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|Title:||Impact of COVID-19 on Urology Practice: A Global Perspective and Snapshot Analysis.|
|Authors:||Gravas, Stavros;Bolton, Damien M;Gomez, Reynaldo;Klotz, Laurence;Kulkarni, Sanjay;Tanguay, Simon;de la Rosette, Jean|
|Affiliation:||Department of Urology, Faculty of Medicine, School of Health Sciences, University of Thessaly, 41110 Larissa, Greece|
Department of Urology, Austin Health, Heidelberg, Victoria, Australia
Universidad Andres Bello, Hospital del Trabajador de Santiago, Santiago 7550196, Chile
Division of Urology, Sunnybrook Health Sciences Centre, Toronto, ON M4N 3M5, Canada
Kulkarni Reconstructive Urology Center, Pune 411038, India
Department of Surgery, Division of Urology, McGill University, Montreal, QC H3A 1A1, Canada
Department of Urology, Istanbul Medipol University, Istanbul 34214, Turkey
|Citation:||Journal of clinical medicine 2020; 9(6): E1730|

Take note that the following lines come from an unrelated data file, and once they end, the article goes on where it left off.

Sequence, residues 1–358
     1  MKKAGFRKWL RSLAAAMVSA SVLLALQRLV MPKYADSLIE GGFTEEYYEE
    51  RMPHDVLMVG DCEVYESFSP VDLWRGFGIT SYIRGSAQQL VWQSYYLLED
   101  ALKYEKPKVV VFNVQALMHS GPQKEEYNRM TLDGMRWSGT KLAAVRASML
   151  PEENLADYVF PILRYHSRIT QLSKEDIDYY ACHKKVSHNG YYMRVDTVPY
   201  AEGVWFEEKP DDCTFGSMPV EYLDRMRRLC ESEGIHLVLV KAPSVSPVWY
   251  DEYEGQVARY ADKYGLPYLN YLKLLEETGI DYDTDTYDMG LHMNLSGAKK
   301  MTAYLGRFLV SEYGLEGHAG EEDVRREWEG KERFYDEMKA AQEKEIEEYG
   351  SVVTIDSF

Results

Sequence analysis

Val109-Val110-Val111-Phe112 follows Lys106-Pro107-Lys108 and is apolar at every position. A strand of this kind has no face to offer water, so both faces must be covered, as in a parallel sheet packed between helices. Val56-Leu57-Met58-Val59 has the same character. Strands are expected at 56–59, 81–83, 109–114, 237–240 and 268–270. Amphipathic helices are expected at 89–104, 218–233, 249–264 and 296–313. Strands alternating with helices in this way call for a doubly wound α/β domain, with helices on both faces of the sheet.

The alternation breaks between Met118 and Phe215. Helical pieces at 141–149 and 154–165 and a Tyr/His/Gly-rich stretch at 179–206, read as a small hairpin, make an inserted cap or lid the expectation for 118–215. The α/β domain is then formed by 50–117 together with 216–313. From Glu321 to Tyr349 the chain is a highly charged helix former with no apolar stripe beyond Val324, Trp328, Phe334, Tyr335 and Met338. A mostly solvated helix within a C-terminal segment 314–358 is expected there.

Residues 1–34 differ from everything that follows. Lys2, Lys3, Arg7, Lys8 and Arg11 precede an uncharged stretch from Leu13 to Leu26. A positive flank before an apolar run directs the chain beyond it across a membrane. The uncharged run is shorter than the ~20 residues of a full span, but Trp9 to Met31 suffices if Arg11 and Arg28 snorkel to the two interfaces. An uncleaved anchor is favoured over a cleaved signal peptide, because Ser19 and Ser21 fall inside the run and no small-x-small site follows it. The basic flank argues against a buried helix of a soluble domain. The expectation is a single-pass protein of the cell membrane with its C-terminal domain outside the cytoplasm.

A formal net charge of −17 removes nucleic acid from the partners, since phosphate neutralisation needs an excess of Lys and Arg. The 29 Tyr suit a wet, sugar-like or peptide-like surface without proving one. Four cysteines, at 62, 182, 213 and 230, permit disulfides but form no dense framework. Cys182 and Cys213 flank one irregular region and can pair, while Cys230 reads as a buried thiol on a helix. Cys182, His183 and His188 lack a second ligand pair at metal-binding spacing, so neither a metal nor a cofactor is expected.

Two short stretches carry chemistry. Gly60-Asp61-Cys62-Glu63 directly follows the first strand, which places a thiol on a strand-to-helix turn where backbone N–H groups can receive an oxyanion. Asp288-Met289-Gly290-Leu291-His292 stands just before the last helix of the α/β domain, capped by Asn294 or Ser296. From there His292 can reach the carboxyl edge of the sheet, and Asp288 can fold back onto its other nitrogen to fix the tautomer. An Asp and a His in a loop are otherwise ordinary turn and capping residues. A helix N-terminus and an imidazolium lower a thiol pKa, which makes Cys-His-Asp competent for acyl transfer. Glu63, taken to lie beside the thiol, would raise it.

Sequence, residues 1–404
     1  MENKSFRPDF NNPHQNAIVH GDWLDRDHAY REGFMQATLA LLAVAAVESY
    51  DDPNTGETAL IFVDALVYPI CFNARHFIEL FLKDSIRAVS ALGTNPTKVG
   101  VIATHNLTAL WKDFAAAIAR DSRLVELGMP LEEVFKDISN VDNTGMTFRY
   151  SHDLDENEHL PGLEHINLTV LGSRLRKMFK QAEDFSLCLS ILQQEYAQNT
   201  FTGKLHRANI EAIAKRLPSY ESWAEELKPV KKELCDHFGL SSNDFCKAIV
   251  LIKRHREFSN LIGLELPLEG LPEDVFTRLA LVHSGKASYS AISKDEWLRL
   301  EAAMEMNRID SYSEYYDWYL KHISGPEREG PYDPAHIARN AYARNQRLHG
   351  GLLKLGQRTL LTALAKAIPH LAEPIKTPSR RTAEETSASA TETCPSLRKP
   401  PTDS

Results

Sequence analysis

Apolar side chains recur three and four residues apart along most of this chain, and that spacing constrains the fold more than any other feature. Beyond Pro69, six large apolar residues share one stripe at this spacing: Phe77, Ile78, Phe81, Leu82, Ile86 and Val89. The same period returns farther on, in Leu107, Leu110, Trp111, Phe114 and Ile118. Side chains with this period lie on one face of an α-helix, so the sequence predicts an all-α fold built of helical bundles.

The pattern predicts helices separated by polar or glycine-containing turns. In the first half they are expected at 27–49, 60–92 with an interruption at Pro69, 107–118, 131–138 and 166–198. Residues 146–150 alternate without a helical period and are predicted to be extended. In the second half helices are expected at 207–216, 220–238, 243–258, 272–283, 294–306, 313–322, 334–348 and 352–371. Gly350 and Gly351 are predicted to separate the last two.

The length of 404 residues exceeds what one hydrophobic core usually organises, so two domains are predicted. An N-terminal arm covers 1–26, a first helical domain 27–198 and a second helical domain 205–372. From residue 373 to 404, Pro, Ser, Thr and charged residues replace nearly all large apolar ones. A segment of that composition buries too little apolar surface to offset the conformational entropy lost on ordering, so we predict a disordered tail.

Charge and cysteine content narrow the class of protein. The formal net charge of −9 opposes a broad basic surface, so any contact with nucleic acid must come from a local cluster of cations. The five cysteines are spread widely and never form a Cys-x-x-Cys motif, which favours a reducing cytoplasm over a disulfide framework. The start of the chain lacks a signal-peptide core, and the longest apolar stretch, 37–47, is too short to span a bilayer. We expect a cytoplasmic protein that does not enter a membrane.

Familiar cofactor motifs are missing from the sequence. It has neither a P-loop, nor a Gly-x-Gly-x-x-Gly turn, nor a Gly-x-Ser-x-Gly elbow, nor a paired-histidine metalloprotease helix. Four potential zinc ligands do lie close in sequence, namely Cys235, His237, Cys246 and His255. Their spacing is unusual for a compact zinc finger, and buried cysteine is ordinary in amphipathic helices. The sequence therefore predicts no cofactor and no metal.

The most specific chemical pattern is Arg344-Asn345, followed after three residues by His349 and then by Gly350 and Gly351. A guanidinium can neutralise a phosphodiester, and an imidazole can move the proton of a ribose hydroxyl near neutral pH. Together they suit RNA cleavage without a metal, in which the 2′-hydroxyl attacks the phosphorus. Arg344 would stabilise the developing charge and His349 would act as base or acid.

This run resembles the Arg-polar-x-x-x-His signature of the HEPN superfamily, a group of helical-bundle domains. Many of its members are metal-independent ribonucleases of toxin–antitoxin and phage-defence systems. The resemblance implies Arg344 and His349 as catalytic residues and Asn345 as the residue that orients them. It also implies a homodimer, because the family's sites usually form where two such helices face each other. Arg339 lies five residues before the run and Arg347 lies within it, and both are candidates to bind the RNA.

|Abstract:||The global impact of the 2019 novel coronavirus disease (COVID-19) pandemic on urology practice remains unknown. Self-selected urologists worldwide completed an online survey by the Société Internationale d'Urologie (SIU). A total of 2494 urologists from 76 countries responded, including 1161 (46.6%) urologists in an academic setting, 719 (28.8%) in a private practice, and 614 (24.6%) in the public sector. The largest proportion (1074 (43.1%)) were from Europe, with the remainder from East/Southeast Asia (441 (17.7%)), West/Southwest Asia (386 (15.5%)), Africa (209 (8.4%)), South America (198 (7.9%)), and North America (186 (7.5%)). An analysis of differences in responses was carried out by region and practice setting. The results reveal significant restrictions in outpatient consultation and non-emergency surgery, with nonspecific efforts towards additional precautions for preventing the spread of COVID-19 during emergency surgery. These restrictions were less notable in East/Southeast Asia. Urologists often bear the decision-making responsibility regarding access to elective surgery (40.3%). Restriction of both outpatient clinics and non-emergency surgery is considerable worldwide but is lower in East/Southeast Asia. Measures to control the spread of COVID-19 during emergency surgery are common but not specific. The pandemic has had a profound impact on urology practice. There is an urgent need to provide improved guidance for this and future pandemics.|
|Appears in Collections:||Journal articles|
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